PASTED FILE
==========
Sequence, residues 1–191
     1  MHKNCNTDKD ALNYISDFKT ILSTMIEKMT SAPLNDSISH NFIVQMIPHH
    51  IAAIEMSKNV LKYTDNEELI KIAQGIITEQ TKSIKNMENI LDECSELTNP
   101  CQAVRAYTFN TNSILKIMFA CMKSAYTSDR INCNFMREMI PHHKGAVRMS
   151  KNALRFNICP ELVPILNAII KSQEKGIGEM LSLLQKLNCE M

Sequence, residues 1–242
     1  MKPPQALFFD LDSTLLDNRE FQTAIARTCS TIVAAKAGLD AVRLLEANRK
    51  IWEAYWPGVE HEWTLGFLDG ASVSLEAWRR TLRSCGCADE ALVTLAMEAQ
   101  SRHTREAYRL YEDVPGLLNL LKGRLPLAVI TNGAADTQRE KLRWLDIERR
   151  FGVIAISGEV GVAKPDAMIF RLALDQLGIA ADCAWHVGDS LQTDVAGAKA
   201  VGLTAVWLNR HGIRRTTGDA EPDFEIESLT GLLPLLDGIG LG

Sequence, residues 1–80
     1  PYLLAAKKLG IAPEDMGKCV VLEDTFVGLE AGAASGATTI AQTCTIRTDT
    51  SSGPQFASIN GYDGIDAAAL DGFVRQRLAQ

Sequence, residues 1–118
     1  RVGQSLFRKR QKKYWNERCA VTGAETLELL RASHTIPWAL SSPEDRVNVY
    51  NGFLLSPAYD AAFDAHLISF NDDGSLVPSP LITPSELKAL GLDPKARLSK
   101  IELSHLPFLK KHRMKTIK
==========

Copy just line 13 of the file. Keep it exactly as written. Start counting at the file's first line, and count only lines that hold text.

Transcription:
     1  PYLLAAKKLG IAPEDMGKCV VLEDTFVGLE AGAASGATTI AQTCTIRTDT